Inflation Report and the Fed: Live Announcements

Federal Reserve officials are expected to leave interest rates unchanged on Wednesday, but investors and economists will be watching closely for clues as to when policymakers might begin to cut borrowing costs.

Central bankers have kept rates at 5.3 percent since July after a rapid series of hikes starting in early 2022. Policymakers had hoped to cut rates by 2024, but inflation has been surprisingly stubborn, delaying those cuts.

At the end of their two-day meeting on Wednesday, central bank officials will release economic forecasts for the first time since March, updating how many rate cuts they expect this year. Economists expect policymakers to forecast two cuts by the end of the year, down from three previously. There is even a small chance that the authorities will present a single tariff reduction.

Regardless, central bankers are likely to remain silent on one important question: When will they start cutting borrowing costs? Policymakers are not expected to cut rates in July, meaning there will be months of data before the next meeting on September 17-18. With that in mind, officials will try to keep their options open.

“It will be a message of patience, as simple as that,” said Yelena Shulyatyeva, senior US economist at BNP Paribas. “We want to make sure inflation is coming down and we’ll be happy to see that happen.”

Fed Chairman Jerome H. That won’t stop investors from watching the post-meeting news conference with Powell as a hint at when interest rates will begin to fall — providing relief to borrowers and further lifting financial markets.

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Here’s what to watch for at this week’s Fed meeting.

The ‘dots’ are centered.

The central bank publishes a report after eight meetings each year, but new forecasts for inflation, unemployment, growth and interest rates are released only once every three months. The latest update of the Summary of Economic Forecasts is due at 2pm on Wednesday.

Markets pay close attention to rate forecasts, often called “points.” The name comes from the presentation: policymakers’ predictions are displayed individually as anonymous circles arranged on a graph.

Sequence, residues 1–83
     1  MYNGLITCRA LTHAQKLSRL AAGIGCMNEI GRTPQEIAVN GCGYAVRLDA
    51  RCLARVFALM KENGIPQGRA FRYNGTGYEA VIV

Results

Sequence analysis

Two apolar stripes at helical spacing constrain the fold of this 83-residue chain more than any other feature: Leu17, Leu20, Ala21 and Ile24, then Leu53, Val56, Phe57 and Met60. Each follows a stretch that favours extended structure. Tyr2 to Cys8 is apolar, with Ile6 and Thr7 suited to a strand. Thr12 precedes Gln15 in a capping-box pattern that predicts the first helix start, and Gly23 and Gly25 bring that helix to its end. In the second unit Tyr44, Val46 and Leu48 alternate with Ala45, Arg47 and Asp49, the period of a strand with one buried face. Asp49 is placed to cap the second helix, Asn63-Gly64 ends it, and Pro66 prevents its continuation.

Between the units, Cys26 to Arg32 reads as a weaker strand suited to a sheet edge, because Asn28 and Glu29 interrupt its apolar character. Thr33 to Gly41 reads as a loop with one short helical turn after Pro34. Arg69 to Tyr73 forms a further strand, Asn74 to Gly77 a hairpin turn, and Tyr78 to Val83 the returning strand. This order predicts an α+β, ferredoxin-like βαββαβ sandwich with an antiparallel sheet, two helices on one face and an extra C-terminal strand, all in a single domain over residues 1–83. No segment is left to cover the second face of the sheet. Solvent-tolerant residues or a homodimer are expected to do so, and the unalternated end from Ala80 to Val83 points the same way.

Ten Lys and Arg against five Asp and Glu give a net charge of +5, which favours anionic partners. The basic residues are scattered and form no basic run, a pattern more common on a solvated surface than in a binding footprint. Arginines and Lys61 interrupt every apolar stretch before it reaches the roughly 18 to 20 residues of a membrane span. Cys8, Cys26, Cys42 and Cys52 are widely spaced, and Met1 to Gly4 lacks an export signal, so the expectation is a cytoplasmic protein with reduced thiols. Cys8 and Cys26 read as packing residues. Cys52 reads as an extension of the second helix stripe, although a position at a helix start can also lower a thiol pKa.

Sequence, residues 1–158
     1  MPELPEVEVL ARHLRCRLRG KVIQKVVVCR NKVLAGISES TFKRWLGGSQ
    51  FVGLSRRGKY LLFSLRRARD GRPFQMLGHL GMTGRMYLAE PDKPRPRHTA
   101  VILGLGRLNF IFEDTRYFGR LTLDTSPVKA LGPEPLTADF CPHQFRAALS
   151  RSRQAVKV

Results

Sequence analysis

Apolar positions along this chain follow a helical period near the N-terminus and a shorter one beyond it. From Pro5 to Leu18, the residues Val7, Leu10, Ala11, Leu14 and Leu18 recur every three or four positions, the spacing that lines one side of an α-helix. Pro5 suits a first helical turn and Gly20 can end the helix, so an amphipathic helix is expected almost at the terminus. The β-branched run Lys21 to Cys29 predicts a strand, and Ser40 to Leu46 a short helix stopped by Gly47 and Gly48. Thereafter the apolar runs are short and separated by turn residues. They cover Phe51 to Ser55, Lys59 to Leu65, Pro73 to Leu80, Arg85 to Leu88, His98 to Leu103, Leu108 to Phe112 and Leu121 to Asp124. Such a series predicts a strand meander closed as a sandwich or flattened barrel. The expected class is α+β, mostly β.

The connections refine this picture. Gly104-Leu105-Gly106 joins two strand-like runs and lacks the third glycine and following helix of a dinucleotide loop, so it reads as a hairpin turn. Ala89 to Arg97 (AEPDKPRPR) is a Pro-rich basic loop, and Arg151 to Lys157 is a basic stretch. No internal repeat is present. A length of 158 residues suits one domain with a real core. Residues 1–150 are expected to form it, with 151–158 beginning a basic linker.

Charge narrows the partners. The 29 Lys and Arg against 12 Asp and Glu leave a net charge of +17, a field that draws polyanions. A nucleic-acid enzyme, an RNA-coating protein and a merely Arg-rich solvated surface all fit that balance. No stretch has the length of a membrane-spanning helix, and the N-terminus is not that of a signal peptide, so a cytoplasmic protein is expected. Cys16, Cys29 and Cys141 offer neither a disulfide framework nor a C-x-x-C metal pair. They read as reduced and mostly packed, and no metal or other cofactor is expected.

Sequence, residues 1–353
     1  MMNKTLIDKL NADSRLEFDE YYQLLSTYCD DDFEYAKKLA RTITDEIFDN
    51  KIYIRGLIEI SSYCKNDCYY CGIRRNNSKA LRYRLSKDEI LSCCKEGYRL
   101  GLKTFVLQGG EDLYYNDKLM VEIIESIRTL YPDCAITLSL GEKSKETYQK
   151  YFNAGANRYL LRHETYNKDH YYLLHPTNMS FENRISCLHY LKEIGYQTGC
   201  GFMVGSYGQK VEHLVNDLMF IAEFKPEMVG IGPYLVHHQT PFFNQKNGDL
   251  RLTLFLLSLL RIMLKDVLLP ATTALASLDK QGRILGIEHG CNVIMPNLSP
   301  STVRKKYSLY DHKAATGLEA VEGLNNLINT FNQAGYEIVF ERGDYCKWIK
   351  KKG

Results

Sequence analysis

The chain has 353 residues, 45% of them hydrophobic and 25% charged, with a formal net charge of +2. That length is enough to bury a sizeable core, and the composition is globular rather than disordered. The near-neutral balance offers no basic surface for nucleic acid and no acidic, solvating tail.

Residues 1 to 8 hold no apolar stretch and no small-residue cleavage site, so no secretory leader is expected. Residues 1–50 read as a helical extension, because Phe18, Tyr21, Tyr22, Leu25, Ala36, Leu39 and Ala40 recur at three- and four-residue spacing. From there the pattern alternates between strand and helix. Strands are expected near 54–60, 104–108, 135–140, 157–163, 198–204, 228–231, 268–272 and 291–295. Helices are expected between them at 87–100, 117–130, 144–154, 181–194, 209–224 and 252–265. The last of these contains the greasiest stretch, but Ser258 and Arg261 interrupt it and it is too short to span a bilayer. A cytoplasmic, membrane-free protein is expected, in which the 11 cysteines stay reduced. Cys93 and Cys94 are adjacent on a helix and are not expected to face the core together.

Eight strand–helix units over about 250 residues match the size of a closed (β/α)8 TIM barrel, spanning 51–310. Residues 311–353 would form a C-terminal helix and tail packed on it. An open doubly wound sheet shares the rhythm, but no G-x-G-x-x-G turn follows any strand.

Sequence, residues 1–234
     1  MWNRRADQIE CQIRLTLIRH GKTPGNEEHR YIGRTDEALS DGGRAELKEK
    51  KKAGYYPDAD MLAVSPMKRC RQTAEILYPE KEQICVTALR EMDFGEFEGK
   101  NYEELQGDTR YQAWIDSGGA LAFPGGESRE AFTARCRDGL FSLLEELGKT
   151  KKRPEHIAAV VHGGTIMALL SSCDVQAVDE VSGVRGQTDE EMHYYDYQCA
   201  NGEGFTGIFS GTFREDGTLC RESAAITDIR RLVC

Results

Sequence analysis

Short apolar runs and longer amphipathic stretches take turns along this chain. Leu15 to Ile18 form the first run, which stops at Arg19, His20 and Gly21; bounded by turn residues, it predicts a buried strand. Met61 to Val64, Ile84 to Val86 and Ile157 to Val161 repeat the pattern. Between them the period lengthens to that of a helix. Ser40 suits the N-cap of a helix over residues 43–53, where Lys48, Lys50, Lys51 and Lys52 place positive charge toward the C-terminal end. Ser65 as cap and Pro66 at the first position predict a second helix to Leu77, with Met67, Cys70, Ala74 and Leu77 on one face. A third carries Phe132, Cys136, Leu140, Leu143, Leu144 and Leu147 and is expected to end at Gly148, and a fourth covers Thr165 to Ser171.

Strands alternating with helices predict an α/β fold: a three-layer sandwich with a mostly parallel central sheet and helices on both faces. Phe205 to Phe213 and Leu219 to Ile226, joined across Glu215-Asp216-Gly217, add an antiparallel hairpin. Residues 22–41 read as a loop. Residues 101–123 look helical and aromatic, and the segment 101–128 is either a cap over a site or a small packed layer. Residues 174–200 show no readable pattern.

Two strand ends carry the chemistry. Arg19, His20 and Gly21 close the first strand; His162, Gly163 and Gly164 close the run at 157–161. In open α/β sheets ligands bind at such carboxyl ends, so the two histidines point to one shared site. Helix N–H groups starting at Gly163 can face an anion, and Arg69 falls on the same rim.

Points will be more focused than usual this month as they are almost certain to move from the last forecast. If only one officer cuts his plan, the Average point It can only recommend two rate cuts by the end of the year, down from the previous three.

Less urgent.

As evidence mounts that rates may not fall as much or as quickly as previously expected, a second big question opens up. When will the cuts start?

Not now, in all likelihood. With employers hiring, the economy expanding at a steady pace, and uncertainty about how much and how quickly inflation will ease, officials have suggested it would be a big mistake to cut borrowing costs too quickly and reverse course because inflation is stuck. .

Many economists believe today’s conditions — moderate inflation, combined with a solid economy — will allow for the first rate cut in September. But both forecasters and Wall Street investors See a substantial opportunity The central bank won’t start cutting borrowing costs until December.

Inflation is a wild card.

The big uncertainty at this meeting is what happens to inflation.

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On the one hand, price increases have come down sharply from their peak in 2022. The Consumer Price Index is at the top About 9.1 percent That year, but now it stands at 3.4 percent. On the other hand, progress has stalled in recent months, and inflation remains above the central bank’s 2 percent target (which it officially defines using a separate but related inflation measure).

New CPI inflation data due out at 8:30 a.m. Wednesday will give policymakers the latest snapshot of what’s happening to prices.

Officials will have a chance to update their economic forecasts after the release — and they can will be corrected till the morning of the second day of the meeting, as per central bank rules. While the guidelines did not specify an exact cut-off time, a central bank spokeswoman indicated that the central bank governor had previously said that forecasts could be updated. up to Midnight of the final meeting day.

Beyond that, Mr. Powell’s tone may change somewhat depending on what the latest inflation data shows.

Politics provides a backdrop.

For families and the White House, what the Fed signals at this meeting is important.

High interest rates are not a popular policy among American voters: They make it more expensive to borrow money to buy a home or a car, and they can be a crushing cost for people with credit card debt. They work to slow the economy and weaken the job market. While reducing inflation is the bottom line, getting there will be a painful one.

In light of that, incumbent politicians generally don’t like high prices. Donald J. Trump railed against them during his presidency, and while President Biden has avoided openly criticizing the central bank out of respect for its independence, other Democrats have been less circumspect. After the European Central Bank cut interest rates last week, Senator Elizabeth Warren of Massachusetts and other Democrats sent a letter to the Fed chief urging him to follow suit.

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“The central bank’s decision to keep interest rates high continues to widen the rate gap between Europe and the US, as low interest rates could boost the dollar, tightening financial conditions,” Lawmakers wrote.

The central bank says it does not take politics into account when setting interest rates, a policy officials are likely to maintain this week.

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